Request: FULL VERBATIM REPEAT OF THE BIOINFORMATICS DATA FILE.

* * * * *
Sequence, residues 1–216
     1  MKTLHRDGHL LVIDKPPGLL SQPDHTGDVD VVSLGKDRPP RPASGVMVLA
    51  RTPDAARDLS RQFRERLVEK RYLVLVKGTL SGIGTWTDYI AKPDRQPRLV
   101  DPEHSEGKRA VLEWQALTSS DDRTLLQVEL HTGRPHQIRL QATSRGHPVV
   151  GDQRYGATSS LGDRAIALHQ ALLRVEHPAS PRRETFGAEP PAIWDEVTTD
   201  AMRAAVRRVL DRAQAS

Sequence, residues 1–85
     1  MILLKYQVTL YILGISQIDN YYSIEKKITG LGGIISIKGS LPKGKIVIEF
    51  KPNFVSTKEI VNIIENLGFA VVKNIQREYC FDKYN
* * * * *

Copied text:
Sequence, residues 1–216
     1  MKTLHRDGHL LVIDKPPGLL SQPDHTGDVD VVSLGKDRPP RPASGVMVLA
    51  RTPDAARDLS RQFRERLVEK RYLVLVKGTL SGIGTWTDYI AKPDRQPRLV
   101  DPEHSEGKRA VLEWQALTSS DDRTLLQVEL HTGRPHQIRL QATSRGHPVV
   151  GDQRYGATSS LGDRAIALHQ ALLRVEHPAS PRRETFGAEP PAIWDEVTTD
   201  AMRAAVRRVL DRAQAS

Sequence, residues 1–85
     1  MILLKYQVTL YILGISQIDN YYSIEKKITG LGGIISIKGS LPKGKIVIEF
    51  KPNFVSTKEI VNIIENLGFA VVKNIQREYC FDKYN